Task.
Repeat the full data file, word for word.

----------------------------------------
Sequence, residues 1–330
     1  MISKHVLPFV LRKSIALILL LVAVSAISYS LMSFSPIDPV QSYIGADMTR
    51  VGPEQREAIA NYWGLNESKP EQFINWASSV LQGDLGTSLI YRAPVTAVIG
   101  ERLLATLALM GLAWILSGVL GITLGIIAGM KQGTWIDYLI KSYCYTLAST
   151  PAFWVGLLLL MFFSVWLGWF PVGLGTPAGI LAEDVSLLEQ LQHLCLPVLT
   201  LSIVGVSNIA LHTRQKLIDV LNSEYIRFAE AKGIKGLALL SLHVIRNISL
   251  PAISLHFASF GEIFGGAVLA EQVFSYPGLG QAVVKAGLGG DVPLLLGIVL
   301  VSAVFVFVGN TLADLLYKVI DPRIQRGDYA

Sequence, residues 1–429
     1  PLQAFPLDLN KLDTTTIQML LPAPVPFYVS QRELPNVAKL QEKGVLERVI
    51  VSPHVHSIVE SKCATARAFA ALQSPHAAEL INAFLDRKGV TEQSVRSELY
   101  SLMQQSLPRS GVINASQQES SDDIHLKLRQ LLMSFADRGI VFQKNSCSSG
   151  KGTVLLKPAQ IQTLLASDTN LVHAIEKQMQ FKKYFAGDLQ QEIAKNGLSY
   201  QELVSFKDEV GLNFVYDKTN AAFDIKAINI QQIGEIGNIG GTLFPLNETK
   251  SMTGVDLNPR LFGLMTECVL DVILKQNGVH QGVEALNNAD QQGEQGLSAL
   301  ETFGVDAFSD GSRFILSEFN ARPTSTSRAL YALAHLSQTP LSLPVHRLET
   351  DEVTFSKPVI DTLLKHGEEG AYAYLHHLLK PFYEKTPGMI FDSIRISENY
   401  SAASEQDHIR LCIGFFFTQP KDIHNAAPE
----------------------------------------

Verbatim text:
Sequence, residues 1–330
     1  MISKHVLPFV LRKSIALILL LVAVSAISYS LMSFSPIDPV QSYIGADMTR
    51  VGPEQREAIA NYWGLNESKP EQFINWASSV LQGDLGTSLI YRAPVTAVIG
   101  ERLLATLALM GLAWILSGVL GITLGIIAGM KQGTWIDYLI KSYCYTLAST
   151  PAFWVGLLLL MFFSVWLGWF PVGLGTPAGI LAEDVSLLEQ LQHLCLPVLT
   201  LSIVGVSNIA LHTRQKLIDV LNSEYIRFAE AKGIKGLALL SLHVIRNISL
   251  PAISLHFASF GEIFGGAVLA EQVFSYPGLG QAVVKAGLGG DVPLLLGIVL
   301  VSAVFVFVGN TLADLLYKVI DPRIQRGDYA

Sequence, residues 1–429
     1  PLQAFPLDLN KLDTTTIQML LPAPVPFYVS QRELPNVAKL QEKGVLERVI
    51  VSPHVHSIVE SKCATARAFA ALQSPHAAEL INAFLDRKGV TEQSVRSELY
   101  SLMQQSLPRS GVINASQQES SDDIHLKLRQ LLMSFADRGI VFQKNSCSSG
   151  KGTVLLKPAQ IQTLLASDTN LVHAIEKQMQ FKKYFAGDLQ QEIAKNGLSY
   201  QELVSFKDEV GLNFVYDKTN AAFDIKAINI QQIGEIGNIG GTLFPLNETK
   251  SMTGVDLNPR LFGLMTECVL DVILKQNGVH QGVEALNNAD QQGEQGLSAL
   301  ETFGVDAFSD GSRFILSEFN ARPTSTSRAL YALAHLSQTP LSLPVHRLET
   351  DEVTFSKPVI DTLLKHGEEG AYAYLHHLLK PFYEKTPGMI FDSIRISENY
   401  SAASEQDHIR LCIGFFFTQP KDIHNAAPE